Law in the Time of Corona
When it first hit, we thought, “How will we get through this until we can get back to normal?”
That was a month ago.
Yes, we were prepared. Who doesn’t have a business continuity plan?
Business continuity plans are designed for one reason: To ensure your clients, employees, and investors that you can survive a crisis – and return to normal. These plans aren’t designed to be flexible or innovative and usually fall under the responsibility of the COO or CTO. They are designed to give your company a rigid structure to follow when something catastrophic occurs, and you need a way to keep the lights on.
Fast forward to March 16, 5:45 a.m.
Our CEO called me and said, “Today is the day.”
One week later, our 100-plus team is working 100 percent remote. We have hired 20 new remote attorneys, and we have good clients who are counting on us to help them through.
We never imagined a worldwide pandemic would be the catalyst to force law to play the long game. We thought it might be the Big Four. Or a new ruling in what it means to practice law versus the delivery of legal services.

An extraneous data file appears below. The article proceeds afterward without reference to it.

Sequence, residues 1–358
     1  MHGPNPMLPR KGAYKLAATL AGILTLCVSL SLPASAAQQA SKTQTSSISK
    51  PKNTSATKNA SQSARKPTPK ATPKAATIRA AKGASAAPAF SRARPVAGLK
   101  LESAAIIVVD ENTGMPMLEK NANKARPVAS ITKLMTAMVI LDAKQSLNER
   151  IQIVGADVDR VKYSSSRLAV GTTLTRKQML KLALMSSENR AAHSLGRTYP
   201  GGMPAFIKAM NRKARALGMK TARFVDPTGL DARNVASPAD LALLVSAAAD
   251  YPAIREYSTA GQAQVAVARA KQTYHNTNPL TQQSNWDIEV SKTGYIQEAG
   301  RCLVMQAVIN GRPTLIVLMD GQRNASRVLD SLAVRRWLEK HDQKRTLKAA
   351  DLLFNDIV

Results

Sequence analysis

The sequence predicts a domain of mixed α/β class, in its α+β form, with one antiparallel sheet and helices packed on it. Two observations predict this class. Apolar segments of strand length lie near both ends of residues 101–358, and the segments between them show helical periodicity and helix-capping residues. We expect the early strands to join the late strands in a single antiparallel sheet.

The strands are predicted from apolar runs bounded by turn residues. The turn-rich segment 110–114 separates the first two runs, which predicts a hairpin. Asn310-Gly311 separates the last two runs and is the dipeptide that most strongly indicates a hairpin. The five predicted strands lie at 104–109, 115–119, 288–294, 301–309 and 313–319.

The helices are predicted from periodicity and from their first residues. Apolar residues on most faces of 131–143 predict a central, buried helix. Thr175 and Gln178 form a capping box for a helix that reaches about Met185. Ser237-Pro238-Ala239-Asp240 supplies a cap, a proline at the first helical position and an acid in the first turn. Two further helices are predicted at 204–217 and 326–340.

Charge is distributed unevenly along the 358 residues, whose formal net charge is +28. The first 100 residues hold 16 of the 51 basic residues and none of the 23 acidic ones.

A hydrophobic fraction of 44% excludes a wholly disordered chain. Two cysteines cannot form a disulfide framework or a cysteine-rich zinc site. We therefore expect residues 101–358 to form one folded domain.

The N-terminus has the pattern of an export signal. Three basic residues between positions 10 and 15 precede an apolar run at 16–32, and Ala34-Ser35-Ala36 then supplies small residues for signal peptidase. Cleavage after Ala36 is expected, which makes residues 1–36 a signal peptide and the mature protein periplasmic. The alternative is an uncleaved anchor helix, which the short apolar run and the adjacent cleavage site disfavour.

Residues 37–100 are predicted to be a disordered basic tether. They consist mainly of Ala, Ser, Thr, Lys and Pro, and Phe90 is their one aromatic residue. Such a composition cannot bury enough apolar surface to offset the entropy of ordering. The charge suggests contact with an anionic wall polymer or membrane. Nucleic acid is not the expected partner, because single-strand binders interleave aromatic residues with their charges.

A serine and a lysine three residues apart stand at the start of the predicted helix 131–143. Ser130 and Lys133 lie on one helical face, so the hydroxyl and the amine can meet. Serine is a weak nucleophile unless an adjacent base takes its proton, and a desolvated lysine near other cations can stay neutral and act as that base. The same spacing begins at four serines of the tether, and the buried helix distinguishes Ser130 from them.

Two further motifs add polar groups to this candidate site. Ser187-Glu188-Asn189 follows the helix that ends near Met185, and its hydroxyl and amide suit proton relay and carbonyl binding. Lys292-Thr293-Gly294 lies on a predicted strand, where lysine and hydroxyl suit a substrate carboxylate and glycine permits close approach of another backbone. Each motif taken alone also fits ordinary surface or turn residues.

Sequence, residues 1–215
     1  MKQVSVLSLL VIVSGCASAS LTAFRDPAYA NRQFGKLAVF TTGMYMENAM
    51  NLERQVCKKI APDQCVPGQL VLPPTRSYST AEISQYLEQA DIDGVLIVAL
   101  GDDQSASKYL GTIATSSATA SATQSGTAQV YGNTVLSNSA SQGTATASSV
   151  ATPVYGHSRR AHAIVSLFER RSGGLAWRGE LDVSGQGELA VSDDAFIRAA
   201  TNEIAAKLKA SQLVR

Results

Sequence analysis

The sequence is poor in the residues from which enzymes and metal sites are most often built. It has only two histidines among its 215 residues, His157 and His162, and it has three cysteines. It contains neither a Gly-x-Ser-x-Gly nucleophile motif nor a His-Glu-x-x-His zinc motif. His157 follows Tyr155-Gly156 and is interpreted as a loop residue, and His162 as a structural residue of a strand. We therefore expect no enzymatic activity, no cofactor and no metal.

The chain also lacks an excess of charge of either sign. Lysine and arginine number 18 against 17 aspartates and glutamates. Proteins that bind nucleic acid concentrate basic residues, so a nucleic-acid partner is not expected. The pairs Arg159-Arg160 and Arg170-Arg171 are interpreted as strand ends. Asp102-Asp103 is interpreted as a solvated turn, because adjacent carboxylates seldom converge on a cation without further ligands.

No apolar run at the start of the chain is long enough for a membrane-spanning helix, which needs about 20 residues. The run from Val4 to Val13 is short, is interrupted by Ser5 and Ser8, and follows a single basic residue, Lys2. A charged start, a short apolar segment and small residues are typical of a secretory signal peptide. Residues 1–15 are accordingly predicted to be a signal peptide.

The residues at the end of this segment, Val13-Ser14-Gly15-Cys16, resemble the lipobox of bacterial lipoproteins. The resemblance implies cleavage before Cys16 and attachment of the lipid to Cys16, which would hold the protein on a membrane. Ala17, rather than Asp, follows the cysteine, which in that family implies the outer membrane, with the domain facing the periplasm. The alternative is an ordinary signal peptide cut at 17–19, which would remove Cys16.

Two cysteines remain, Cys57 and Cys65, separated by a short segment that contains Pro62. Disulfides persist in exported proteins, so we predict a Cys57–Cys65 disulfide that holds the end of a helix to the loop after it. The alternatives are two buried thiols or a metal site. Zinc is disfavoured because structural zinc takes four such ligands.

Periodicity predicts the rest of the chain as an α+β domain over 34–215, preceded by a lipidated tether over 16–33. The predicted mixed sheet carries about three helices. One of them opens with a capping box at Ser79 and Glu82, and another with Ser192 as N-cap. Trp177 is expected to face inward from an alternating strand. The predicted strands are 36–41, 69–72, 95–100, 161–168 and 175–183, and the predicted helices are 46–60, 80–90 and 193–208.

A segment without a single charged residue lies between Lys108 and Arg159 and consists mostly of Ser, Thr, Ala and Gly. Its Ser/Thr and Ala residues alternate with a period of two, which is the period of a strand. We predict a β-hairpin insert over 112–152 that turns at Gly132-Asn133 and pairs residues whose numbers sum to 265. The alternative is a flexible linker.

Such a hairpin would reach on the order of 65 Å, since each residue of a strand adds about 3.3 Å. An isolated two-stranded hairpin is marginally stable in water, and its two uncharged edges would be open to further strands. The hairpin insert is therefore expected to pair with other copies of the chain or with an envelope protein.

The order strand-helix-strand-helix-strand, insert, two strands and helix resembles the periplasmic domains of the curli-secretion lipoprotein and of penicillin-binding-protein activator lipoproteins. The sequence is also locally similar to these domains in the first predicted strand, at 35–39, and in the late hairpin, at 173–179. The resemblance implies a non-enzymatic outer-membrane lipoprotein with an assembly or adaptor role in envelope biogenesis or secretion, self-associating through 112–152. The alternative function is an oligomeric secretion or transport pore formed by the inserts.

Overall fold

What we could predict – and began designing years ago – was the need to build a company that could pivot quickly with a flexible infrastructure. Thankfully, our leadership has been committed to the resources, risks, and yes, failures along the way – to do just this.
And perhaps most importantly, we have worked very hard to build a culture in which lawyers are comfortable with change as the new constant. Read that again.
Right now, the legal industry is experiencing what it feels like to have a decade of needed change compressed into weeks. We are seeing massive waves of creativity (forget innovation) in law. We are seeing an unprecedented open-source approach among lawyers to figure out what’s next. Together.
Corona has killed the habit that it takes a month of billable hours to make one decision.
Corona has killed consensus.
There is no business as usual anymore for law. There is no going back to how things were. And if you are a lawyer trying to wait this out until the current threat subsides to get back to your dictaphone and distributions, you might as well go ahead and turn the lights off.
Leigh Vickery serves as the chief strategy and innovation officer for Level 2 Legal Solutions. A graduate of Baylor University in English and psychology, Leigh sees problems as playgrounds. She finds delight in finding answers. Leigh's insatiable curiosity and internal drive to figure things out - along with her ability to connect dots others never see - make her an invaluable resource across the whole company.